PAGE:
Quality of life of Saudi patients with dermatosis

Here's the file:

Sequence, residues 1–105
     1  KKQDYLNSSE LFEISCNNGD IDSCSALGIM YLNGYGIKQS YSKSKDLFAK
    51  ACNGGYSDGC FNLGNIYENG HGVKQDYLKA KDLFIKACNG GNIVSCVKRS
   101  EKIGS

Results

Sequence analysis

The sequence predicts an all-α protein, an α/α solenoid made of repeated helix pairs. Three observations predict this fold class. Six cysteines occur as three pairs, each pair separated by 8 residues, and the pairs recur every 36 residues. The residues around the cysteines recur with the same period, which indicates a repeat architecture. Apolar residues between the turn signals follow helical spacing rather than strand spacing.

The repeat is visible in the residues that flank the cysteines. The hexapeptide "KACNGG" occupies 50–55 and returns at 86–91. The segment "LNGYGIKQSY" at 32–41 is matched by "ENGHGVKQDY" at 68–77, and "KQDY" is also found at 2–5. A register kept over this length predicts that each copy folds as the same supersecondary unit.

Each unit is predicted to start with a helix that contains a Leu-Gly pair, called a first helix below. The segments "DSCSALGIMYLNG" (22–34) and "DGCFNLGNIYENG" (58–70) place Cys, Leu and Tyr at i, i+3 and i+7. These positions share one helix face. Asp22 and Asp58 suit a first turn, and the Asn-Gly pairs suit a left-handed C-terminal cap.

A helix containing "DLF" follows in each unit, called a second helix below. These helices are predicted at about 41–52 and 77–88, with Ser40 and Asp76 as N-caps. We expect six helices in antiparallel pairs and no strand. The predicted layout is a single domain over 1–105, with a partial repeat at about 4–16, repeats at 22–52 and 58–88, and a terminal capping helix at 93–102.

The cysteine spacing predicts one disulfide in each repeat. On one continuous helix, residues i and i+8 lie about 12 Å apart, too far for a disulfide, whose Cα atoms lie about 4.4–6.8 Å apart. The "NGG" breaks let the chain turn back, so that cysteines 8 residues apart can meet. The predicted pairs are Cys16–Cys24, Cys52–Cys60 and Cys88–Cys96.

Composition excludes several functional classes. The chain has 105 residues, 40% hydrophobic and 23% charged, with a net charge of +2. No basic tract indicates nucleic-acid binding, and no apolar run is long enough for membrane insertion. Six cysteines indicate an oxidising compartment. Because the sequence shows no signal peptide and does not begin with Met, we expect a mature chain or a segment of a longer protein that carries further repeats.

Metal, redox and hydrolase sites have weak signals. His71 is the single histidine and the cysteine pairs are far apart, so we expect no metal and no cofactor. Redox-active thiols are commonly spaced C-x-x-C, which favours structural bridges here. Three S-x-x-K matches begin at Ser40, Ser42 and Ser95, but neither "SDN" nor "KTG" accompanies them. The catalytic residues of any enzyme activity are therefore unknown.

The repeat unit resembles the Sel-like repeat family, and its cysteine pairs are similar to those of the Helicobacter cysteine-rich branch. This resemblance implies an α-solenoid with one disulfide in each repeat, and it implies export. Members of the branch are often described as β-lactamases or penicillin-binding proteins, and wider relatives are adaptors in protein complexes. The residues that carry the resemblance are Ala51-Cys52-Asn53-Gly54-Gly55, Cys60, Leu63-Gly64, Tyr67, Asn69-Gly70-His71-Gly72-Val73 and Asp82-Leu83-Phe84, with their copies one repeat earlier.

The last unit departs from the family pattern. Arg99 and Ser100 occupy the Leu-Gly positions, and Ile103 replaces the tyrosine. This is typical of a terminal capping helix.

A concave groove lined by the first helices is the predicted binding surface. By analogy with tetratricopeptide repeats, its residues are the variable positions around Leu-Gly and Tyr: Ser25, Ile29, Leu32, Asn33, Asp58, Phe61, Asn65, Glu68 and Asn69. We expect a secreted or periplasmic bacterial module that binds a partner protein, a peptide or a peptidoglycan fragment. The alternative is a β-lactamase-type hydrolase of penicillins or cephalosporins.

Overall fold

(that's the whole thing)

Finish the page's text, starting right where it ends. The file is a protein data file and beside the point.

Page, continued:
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https://www.eduzhai.net Clinical Medicine and Diagnostics 2018, 8(1): 1-6 DOI: 10.5923/j.cmd.20180801.01 Quality of Life of Saudi Patients with Dermatologic Disorders Bassam Ahmed Almutlaq1, Fatemah Kadhem Aljishi2, Rawan Ahmed Gaafar3, Lina Abdulmohsen Alyousif4, Hussain Gadelkarim Ahmed1,* 1University of Hail, College of Medicine, Saudi Arabia 2Imam Abdulrahman Alfaisal University, Saudi Arabia 3Umm Al-Qura University, Saudi Arabia 4Qassim University, Saudi Arabia Abstract Background: In recent years, an increasing consideration has been given to the impact of dermatologic disorders on the quality of life of dermatology patients. Thus the aim of the present study was to assess the quality of life of Saudi patients with various dermatological conditions in different regions of Saudi Arabia. Methodology: A cross-sectional survey included 756 patients with various dermatologic conditions was conducted. An Arabic online questionnaire from Dermatology Life Quality Index questionnaire was adopted in this study. Data were analyzed by SPSS program version 22. Results: The sample was consisted of 75.8% women and 24.2% men. The major skin problem among patients was Acne (59%). Quality of life was almost good in 61.5% of the studied subjects (21% were not affected at all and 40.5% were slightly affected), while 1.3% of the respondents were largely affected by skin problems. The quality of life of the study group showed statistically significant relation with gender and age (p=0,001 and p=0,020 respectively). Conclusion: The quality of life in studied patients with skin problems, was relatively good. To promote higher quality of life among patients, further studies are recommended. Keywords Dermatology, Quality of life, Skin disorders, Saudi Arabia 1. Introduction Psycho-dermatology focuses on the boundary between psychiatry and dermatology . The skin is the largest and the most visible organ in the body. It is the most important factor determining the appearance of the individual and his/her personal and social perceptions. More than just disfigurement, dermatologic disorders are associated with a variety of psychopathologic problems that can affect the patient . A wide range of skin disorders can theoretically be associated with psychiatric morbidity as a result of their effect upon quality of life and body image of the patient . On average 30-40% of all dermatologic patients also have psychological problems diagnosed by ICD-10 . A recent British Association of Dermatologists’ published the results of a nationwide survey by dermatologists, highlighting the urgent need for (at least) regional psycho-dermatology services. Results found that an overwhelmingly 85% of dermatology patients have indicated that the psychological aspects of their skin disease is a major component of their * Corresponding author: firstname.lastname@example.org (Hussain Gadelkarim Ahmed) Published online at https://www.eduzhai.net Copyright © 2018 Scientific & Academic Publishing. All Rights Reserved illness . Many studies were conducted in the context of determining specific psychopathologies associated with different skin disorders. One study has shown that the most frequent psychiatric disorders in skin diseases are depressive and anxiety disorders, with prevalence rates of 20 and 17%, respectively . Another large cross-sectional multicenter study among dermatological out-patients in 13 European countries found a significantly higher prevalence of clinical depression, anxiety disorder, and suicidal ideation among patients with common skin diseases compared with the controls . Regarding the overall effect of skin disorders on the quality of life of patients, psoriasis, chronic urticarial, eczema and acne are among the four dermatological problems which can affect a person self-esteem and quality of life, when prognosis is very poor . Moreover, almost 91% of lichen planus patients had impairment in their dermatological quality of life with majority (62.5%) having moderate to severe impairment . In a study of 217 psoriasis patients with associated depression, 9.7% acknowledged a "wish to be dead," and 5.5% reported active suicidal ideation . Adult patients with atopic dermatitis can have substantial salary loss from missed work, as well as large expenditures for emollients, topical steroids, clothing and bedding, laundry, and possibly consultation with 2 Bassam Ahmed Almutlaq et al.: Quality of Life of Saudi Patients with Dermatologic Disorders alternative medicine practitioners . These patients are often concerned about personal appearance, attractiveness career aspiration, and the ability to form personal relationships . Impaired sexual function through both physical and psychological mechanisms can compound the adverse effects . Locally, few studies were conducted to assess the quality of life in patients with different dermatological conditions although the depression and anxiety were the most frequent . With regard to Saudi Arabia there is a lack of studies in the context of evaluation of quality of life of patients with dermatologic disorders. One study found that the prevalence of at least one negative emotional state among 300 dermatologic outpatients attending King Abdullah Medical City dermatology outpatient clinic is 24.4% . Therefore, the aim of this study was to assess the quality of life of Saudi patients with various dermatological conditions in different regions of Saudi Arabia. 2. Materials and Methods levels indicated by “No effect at all on patient's life” (0-1), “Small effect on patient's life” (2-5), “Moderate effect on patient's life” (6-10), “Very large effect on patient's life” (11-20) and “Extremely large effect on patient's life” (21-30). Statistical analysis: Statistical package for Social Science (SPSS) program (version 22.0, SPSS Inc, Chicago, IL) was used for data statistical analysis. We used descriptive analysis to determine patient’s socio-demographic characteristics and patient’s skin problems, and to evaluate the quality of life of patients with dermatological conditions. The Chi-squared test allowed us to determine the significance of the relationship between socio-demographic factors and quality of life in patients with skin lesions. P≤ 0.05 was considered as statistically significant. Ethical consent: Each participant was informed about the study and asked to prove his acceptance of contribution. In this cross sectional survey 756 dermatologic patients were randomly included from different regions of Saudi Arabia. The sample was consisted of 183 (24,2%) males and 573 (75,8%) females, aged 18 years old and more. Study tool: An online questionnaire including 15 questions concerning: socio-demographic questions (city, age, gender), the identification of dermatologic issues, and a second part of the questionnaire that evaluate patient’s quality of life and that was adopted from Dermatology Life Quality Index questionnaire. Quality of life in patients with skin disease assessment included 11 questions. The scoring of each question was as follows “Very much” scored 3, “A lot” scored 2, “A little” scored 1, “Not at all” scored 0, “Not relevant” scored 0 and “Question 7, ‘prevented work or studying’” scored 3. For each subject, a maximum score of 30 was calculated. Higher scores reflected more affected quality of life. The calculation of the quality of life scores allowed us to differentiate 5 3. Results In the present study a total of 756 patients with dermatological diseases have responded to the questionnaire. Out of 756 patients, 183/756(24.2%) were males and 573/756(75.8%) females, giving males' females' ration of 1.00 to 3.91, as shown in Table 1, Fig 1. The great majority of the study subjects were found in age group 18-25 years representing 465/756(61.5%) followed by age groups 26-35, 36-45, 46-55 and 55+ constituting 162/756(21.4%), 89/756(11.8%), 31/756(4.1%), 9/756(1.2%), as indicated in Table 1, Fig 2. Regarding the distribution of the dermatological problems among the study population, most of the patients were found with Acne, followed by others scattered conditions, Psoriasis, Warts, Vitiligo and skin cancer, constituting 401/680(59%), 180/680(26.5%), 36/680(5.3%), 34/680(5%), 26/680(3.8%) and 3/680(0.4%), in this order, as indicated in Table 2, Fig 2. Variable Sex Age Table 1. Distribution of the study population by sex and age Category Frequency Percentage Males 183 Females 573 Total 756 24.2% 75.8% 100% 18-25yrs 465 256-35yrs 162 36-45yrs 89 46-55yrs 31 >55 9 Total 756 61.5% 21.4% 11.8% 4.1% 1.2% 100% Clinical Medicine and Diagnostics 2018, 8(1): 1-6 3 36-45yrs, 11.80% 46-55yrs, 4.10% >55yrs, 1.20% 26-35yrs; [VALUE] Males, 24.20% 18-25yrs, 61.50% Females, 75.80% Males Females 18-25yrs 256-35yrs 36-45yrs 46-55yrs >55yrs Figure 1. Distribution of the study subjects by sex and age Table 2. Distribution of the study population by dermatological problems Variables Vitiligo Psoriasis Acne Warts Skin Cancer Others Total Frequency 26 36 401 34 3 180 680 Percentage 3.8 5.3 59 5 0.4 26.5 100 70.00% 59% 60.00% 50.00% 40.00% 26.50% 30.00% 20.00% OTHERS 0.40% SKIN CANCER 5% WARTS ACNE 5.30% 3.80% PSORIASIS VITILIGO 10.00% 0.00% Figure 2. Description of the study population by dermatological problems Table 3, summarizes the distribution of the study population by sex and life quality measures. Out of 183 males’ patients, 60/183(32.8%) were found with small effect of patient's life, 59/183(32.2%) were found with no effect on patient's life, 36/183(19.7%) were found with moderate effect on patient's life, 25/183(13.7%) were found with Very large effect on patient's life, and only 3/183(1.6%) were found with extremely effect on patient's life. Out of 573 4 Bassam Ahmed Almutlaq et al.: Quality of Life of Saudi Patients with Dermatologic Disorders females’ patients, 246/573(43%) denoted small effect of patient's life, 132/573(23%) denoted moderate effect on patient's life, 100/573(17.5%) denoted no effect on patient's life, 88/573(15.4%) denoted Very large effect on patient's life, 7/573(1.1%) denoted extremely effect on patient's life, as indicated in Table 3 Fig 3. With regard to the age and life quality measures, out of the 10 patients with extremely effect on patient's life, 3/10(30%), 3/10(30%), 3/10(30%) and 1/10(10%) were found in age groups 18-25, 26-35, 36-45 and >55years, respectively. Out of the 113 patients with very large effect on patient's life, 59/113(52.2%), 30/113(26.5%), 17/113(15%) and 5/113(4.4%) were identified in age ranges 18-25, 26-35, 36-45 and 46-55 years, correspondingly. Out of the 168 patients with moderate effect on patient's life, 99/168(59%), 37/168(22%), and 25/168(15%) were indicated in age groups 18-25, 26-35, and 36-45 years, respectively. Out of the 306 patients with small effect of patient's life, 206/306(67.3%), 57/306(18.6%), and 31/306(10%) were indicated in age groups 18-25, 26-35, and 36-45 years, respectively. Out of the 159 patients with no effect of patient's life, 98/159(61.6%), 35/159(22%), and 13/159(8.2%) were indicated in age groups 18-25, 26-35, and 36-45 years, in this order, as indicated in Table 4, Fig 4. Table 3. Distribution of the study population by sex and life quality measures Variable No effect on patient's life Small effect of patient's life Moderate effect on patient's life Very large effect on patient's life Extremely effect on patient's life Total Males 59 60 36 25 3 183 Females 100 246 132 88 7 573 Total 159 306 168 113 10 756 Total Females Males Extremely effect on patient's life Very large effect on patient's life Moderate effect on patient's life Small effect of patient's life No effect on patient's life 0.00% 5.00% 10.00% 15.00% 20.00% 25.00% 30.00% 35.00% 40.00% 45.00% 50.00% Figure 3. Description of the study population by sex and life quality measures Table 4. Distribution of the study population by age and life quality measures Variables No effect on patient's life Small effect of patient's life Moderate effect on patient's life Very large effect on patient's life Extremely effect on patient's life Total 18-25 98 206 99 59 3 465 26-35 35 57 37 30 3 162 36-45 13 31 25 17 3 89 46-55 >55 12 1 9 3 5 2 5 2 0 1 31 9 Total 159 306 168 113 10 756 Clinical Medicine and Diagnostics 2018, 8(1): 1-6 5 50.00% 45.00% 40.00% 35.00% 30.00% 25.00% 20.00% 15.00% 10.00% 5.00% 0.00% 12.70% 18.50% 19.10% 16.10% 22.20% 11.10% 14.90% 0.60% 1.90% 3.40% 0% 18-25yrs 26-35yrs 36-45yrs 46-55yrs >55yrs 1.30% Total No effect on patient's life Moderate effect on patient's life Extremely effect on patient's life Small effect of patient's life Very large effect on patient's life Figure 4. Description of the study population by age and life quality measures 4. Discussion In the current study, the studied patients with dermatological conditions experienced multitude of symptoms that influenced their quality of life. This work was conducted to evaluate the impact of these symptoms on patient’s quality of life. The most common dermatologic disorder encountered in the present study was Acne. Acne is a common skin condition in adolescents . Acne vulgaris assumes significance in view of its high prevalence and the effect on quality of life of adolescents. Dermatological diseases, among which acne vulgaris, have psychological impact on the affected generating feelings of guilt, shame and social isolation . A reasonable number of Psoriasis as well as vitiligo were also identified in the present study. In general Patients with chronic skin diseases had lower Dermatology Life Quality Index (DLQI), more perceived physical limitations and pain, and lower emotional well-being and general health ratings compared with the control group. However, chronic skin diseases are associated with symptoms of emotional distress, in particular insomnia and general anxiety . Generally patients mentioned good quality of life, where 21% had no effect of skin issues on their quality of life, 40.5% were slightly affected and 22.2% were moderately affected, however other patients reported a poor quality of life, where almost 16% had very large to extremely large effect on their life. This fluctuation suggest that patients react variously to critical life experiences. Our study indicates a significant relationship between gender and age, and patient’s quality of life, it shows that women and patients aged between 35 and 45 years old have a tendency to be more irritated by skin health affections. Female gender influence may be explained by women's psychological fragility. Several studies have shown that quality of life impairments correlate with disease severity, aberrant skin bio-physiology, depression, anxiety and stress symptoms. Physicians caring for these patients must evaluate the different but inter-correlated medical, bio-physiological and pertinent psychosocial domains. These significant correlations imply that a holistic approach should encompass psychotherapy, behavioral therapy and coping strategies in conjunction with dermatologic therapy . Some skin issues such as psoriasis and acne may be recurrent accentuating the discomfort of patients, thus a strong doctor-patient relationship could establish a trust link and positively influence treatment efficiency. This will encourage patients to be more controlled in taking their medications, as well as leading to better usage compliance and ultimate a better way of life. Some dermatological conditions could be managed and even prevented, even if symptoms could be uncomfortable like itching. Consequently the affected patients should be patient and keeping in mind to adopt preventing strategies that may help improving the disease control and subsequent quality of life. Psychological support may also reduce patient’s frustration and help them to accept their conditions. In fact this will encourages patients to adopt positive thoughts, explore their emotions and seek social sustain instead of seeking social stress. 5. Conclusions The findings of the present study demonstrate that, skin issues have an impact on the quality of life of patients. Patients need psychological support in addition to physical care, as this can lead to better outcomes of the treatment and better quality of life. 6 Bassam Ahmed Almutlaq et al.: Quality of Life of Saudi Patients with Dermatologic Disorders  Barankin B, DeKoven J. Psychosocial effect of common skin diseases. Can Fam Physician 2002; 48: 712-716. REFERENCES  Graham-Brown R. Managing adults with atopic dermatitis. 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